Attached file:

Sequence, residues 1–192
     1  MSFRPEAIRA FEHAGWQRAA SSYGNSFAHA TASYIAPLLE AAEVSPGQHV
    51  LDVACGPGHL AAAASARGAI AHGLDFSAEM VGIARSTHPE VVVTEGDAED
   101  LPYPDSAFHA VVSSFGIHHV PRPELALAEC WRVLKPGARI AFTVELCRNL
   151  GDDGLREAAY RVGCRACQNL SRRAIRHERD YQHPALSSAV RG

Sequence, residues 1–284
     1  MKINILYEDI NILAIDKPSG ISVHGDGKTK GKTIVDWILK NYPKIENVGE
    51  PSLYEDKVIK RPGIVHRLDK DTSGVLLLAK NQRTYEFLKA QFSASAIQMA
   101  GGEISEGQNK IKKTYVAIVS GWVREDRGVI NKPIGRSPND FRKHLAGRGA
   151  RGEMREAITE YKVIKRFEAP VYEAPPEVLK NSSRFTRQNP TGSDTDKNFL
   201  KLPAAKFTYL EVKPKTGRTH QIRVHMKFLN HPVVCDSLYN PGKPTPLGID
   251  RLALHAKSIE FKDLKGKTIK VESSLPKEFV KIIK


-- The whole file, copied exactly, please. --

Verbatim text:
Sequence, residues 1–192
     1  MSFRPEAIRA FEHAGWQRAA SSYGNSFAHA TASYIAPLLE AAEVSPGQHV
    51  LDVACGPGHL AAAASARGAI AHGLDFSAEM VGIARSTHPE VVVTEGDAED
   101  LPYPDSAFHA VVSSFGIHHV PRPELALAEC WRVLKPGARI AFTVELCRNL
   151  GDDGLREAAY RVGCRACQNL SRRAIRHERD YQHPALSSAV RG

Sequence, residues 1–284
     1  MKINILYEDI NILAIDKPSG ISVHGDGKTK GKTIVDWILK NYPKIENVGE
    51  PSLYEDKVIK RPGIVHRLDK DTSGVLLLAK NQRTYEFLKA QFSASAIQMA
   101  GGEISEGQNK IKKTYVAIVS GWVREDRGVI NKPIGRSPND FRKHLAGRGA
   151  RGEMREAITE YKVIKRFEAP VYEAPPEVLK NSSRFTRQNP TGSDTDKNFL
   201  KLPAAKFTYL EVKPKTGRTH QIRVHMKFLN HPVVCDSLYN PGKPTPLGID
   251  RLALHAKSIE FKDLKGKTIK VESSLPKEFV KIIK